Trump, Biden go after each other on coronavirus, taxes
By Jonathan Lemire, Darlene Superville, Will Weissert and Michelle L. Price
NASHVILLE, Tenn. — President Donald Trump and Democratic challenger Joe Biden offered sharply different visions of how to handle the surging pandemic and fought over how much Trump pays in taxes during their final debate of a tumultuous campaign.
Final debates often play an outsized role in electoral outcomes but Thursday night’s showdown was different from those past, with more than 46 million votes already cast and fewer undecided voters remaining than at this point in previous election years. Though the early moments of the debate did not feature the repeated angry interruptions of the candidates’ other showdown, the men engaged in a series of clashes.
The night in Nashville began with a battle over the president’s handling of the pandemic, which has killed more than 225,000 Americans and cost millions of jobs, with Trump declaring that the virus will go away and while Biden warned that the nation was heading toward “a dark winter.” Polling suggests it is the campaign’s defining issue for voters.
Trump defended his management of the nation’s most deadly health crisis in a century, dismissing Biden’s warning that the nation had a dire stretch ahead due to spikes in infections. And he promised that a vaccine would be ready in weeks.
“It will go away,” said Trump, staying with his optimistic assessment of the pandemic. “We’re rounding the turn. We’re rounding the corner. It’s going away.”
“We can’t keep this country closed. This is a massive country with a massive economy,” Trump said. “There’s depression, alcohol, drugs at a level nobody’s ever seen before. The cure cannot be worse than the problem itself.”
But Biden vowed that his administration would defer to the scientists and said that Trump’s divisive approach hindered the nation’s response.
“I don’t look at this in the way he does — blue states and red states,” Biden said. “They’re all the United States. And look at all the states that are having a spike in he coronavirus — they’re the red states.”
Biden said that America has learned from a New York Times report that Trump only paid $750 a year in federal taxes while holding “a secret bank account” in China. The former vice president then noted he’s released all of his tax returns going back 22 years and challenged the president to release his returns, saying, “What are you hiding?”
Trump claimed his accountants told him he “prepaid tens of millions of dollars” in taxes. However, as he has for the past four years, after promising to release his taxes, he declined to say when he might do so.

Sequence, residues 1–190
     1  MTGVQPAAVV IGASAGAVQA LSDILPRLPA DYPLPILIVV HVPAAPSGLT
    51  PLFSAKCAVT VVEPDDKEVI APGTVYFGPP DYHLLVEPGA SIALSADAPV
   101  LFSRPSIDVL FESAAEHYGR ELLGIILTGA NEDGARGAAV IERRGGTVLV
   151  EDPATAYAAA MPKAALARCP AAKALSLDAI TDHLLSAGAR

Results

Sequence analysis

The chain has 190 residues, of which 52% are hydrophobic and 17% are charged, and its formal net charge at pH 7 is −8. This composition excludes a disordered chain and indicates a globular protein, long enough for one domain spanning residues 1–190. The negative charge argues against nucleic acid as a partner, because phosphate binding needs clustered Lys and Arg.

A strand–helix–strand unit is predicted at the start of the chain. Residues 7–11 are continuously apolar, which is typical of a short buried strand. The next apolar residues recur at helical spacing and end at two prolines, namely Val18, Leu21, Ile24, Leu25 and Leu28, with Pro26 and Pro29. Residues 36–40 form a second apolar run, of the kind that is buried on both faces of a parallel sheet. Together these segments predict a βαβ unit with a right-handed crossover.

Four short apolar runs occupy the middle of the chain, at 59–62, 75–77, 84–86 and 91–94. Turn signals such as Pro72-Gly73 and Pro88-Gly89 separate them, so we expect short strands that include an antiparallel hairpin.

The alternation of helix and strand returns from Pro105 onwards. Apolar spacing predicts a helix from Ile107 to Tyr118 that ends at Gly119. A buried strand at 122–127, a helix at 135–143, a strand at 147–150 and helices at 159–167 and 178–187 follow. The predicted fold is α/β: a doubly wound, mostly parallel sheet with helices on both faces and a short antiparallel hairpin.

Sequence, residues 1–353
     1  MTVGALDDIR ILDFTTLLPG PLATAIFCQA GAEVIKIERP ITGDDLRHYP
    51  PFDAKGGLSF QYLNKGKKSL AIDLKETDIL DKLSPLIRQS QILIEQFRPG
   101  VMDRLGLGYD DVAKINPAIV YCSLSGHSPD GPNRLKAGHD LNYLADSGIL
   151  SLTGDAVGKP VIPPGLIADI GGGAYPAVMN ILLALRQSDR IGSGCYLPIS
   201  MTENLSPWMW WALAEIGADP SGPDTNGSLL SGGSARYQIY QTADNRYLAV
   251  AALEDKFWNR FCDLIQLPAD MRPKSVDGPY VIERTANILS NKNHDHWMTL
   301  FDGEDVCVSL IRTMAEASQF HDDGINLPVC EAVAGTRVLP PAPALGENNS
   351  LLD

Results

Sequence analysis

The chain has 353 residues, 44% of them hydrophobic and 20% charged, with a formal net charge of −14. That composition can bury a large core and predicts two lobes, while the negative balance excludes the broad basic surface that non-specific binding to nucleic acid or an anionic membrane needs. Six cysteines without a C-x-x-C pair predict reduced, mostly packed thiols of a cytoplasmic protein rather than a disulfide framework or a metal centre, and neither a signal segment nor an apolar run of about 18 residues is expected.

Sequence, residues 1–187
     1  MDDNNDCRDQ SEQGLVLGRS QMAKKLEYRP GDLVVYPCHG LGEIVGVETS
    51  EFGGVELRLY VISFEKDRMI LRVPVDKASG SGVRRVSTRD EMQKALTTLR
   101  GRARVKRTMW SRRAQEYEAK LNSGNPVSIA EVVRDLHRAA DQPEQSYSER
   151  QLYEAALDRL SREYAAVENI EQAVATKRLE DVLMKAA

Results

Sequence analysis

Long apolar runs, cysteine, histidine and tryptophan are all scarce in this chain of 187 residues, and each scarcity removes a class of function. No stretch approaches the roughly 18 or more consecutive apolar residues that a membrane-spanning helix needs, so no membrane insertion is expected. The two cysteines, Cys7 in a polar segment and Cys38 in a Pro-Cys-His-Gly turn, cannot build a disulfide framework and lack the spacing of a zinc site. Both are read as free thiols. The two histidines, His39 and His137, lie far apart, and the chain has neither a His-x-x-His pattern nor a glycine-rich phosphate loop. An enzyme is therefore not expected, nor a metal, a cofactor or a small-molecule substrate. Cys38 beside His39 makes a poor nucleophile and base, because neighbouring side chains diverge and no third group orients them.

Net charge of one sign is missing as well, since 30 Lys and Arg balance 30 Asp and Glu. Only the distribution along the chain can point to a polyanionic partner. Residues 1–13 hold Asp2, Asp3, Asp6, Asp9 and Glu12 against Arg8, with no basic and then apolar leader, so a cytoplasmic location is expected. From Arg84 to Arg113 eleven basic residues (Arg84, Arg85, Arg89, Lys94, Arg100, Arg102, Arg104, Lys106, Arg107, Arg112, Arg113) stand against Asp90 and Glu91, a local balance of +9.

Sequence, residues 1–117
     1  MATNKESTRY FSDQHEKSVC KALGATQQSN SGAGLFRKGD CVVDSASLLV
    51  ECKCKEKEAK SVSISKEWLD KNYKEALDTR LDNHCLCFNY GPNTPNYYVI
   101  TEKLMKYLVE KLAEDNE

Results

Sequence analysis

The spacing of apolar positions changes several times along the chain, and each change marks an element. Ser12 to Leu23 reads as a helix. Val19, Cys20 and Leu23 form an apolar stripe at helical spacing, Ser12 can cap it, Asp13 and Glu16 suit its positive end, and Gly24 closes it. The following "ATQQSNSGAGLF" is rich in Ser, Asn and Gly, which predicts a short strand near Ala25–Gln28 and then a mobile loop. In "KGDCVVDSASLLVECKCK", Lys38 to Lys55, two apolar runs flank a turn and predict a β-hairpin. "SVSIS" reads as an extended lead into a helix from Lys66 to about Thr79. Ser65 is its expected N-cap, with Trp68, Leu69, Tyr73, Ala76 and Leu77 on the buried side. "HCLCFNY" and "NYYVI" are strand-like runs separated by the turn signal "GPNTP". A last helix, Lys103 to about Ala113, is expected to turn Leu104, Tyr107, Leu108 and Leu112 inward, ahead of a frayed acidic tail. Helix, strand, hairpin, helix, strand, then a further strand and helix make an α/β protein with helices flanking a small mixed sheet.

In a visual reminder of the pandemic that has rewritten the norms of American society and fundamentally changed the campaign, sheets of plexiglass had been installed onstage Wednesday between the two men. But in the hours before the debate, they were removed.
The debate, moderated by NBC’s Kristen Welker, was a final chance for each man to make his case to a television audience of tens of millions of voters. And questions swirled beforehand as to how Trump, whose hectoring performance at the first debate was viewed by aides as a mistake that turned off viewers, would perform amid a stretch of the campaign in which he has taken angry aim at the news media and unleashed deeply personal attacks on Biden and his adult son.
In an effort to curtail interruptions this time, the Commission on Presidential Debates announced that Trump and Biden would each have his microphone cut off while his rival delivered an opening two-minute answer to each of six debate topics.
The mute button didn’t figure in the open discussion portion of the debate.
Trump’s campaign held a surprise pre-debate news conference, this time featuring Tony Bobulinski, a man who said he was Hunter Biden’s former business partner and made unproven allegations that the vice president’s son consulted with his father on China-related business dealings.
Biden declared the discussion about family entanglements “malarkey” and accused Trump of not wanting to talk about the substantive issues.
Turning to the camera and the millions watching at home, he said, “It’s not about his family and my family. It’s about your family, and your family is hurting badly.”
The final debate was their second, and final, after one slated last week was canceled. After Trump’s COVID-19 diagnosis, the debate commission switched the would-be showdown to a remote debate. But after Trump balked, the event was scuttled, and the two candidates instead held dueling town halls 1,000 miles apart.
Both men said they tested negative for the virus on Thursday and everyone in the audience wore masks, including first lady Melania Trump who removed hers during the first debate. Biden took the stage wearing a mask, which he took off as he approached the podium.
Trump had no mask.
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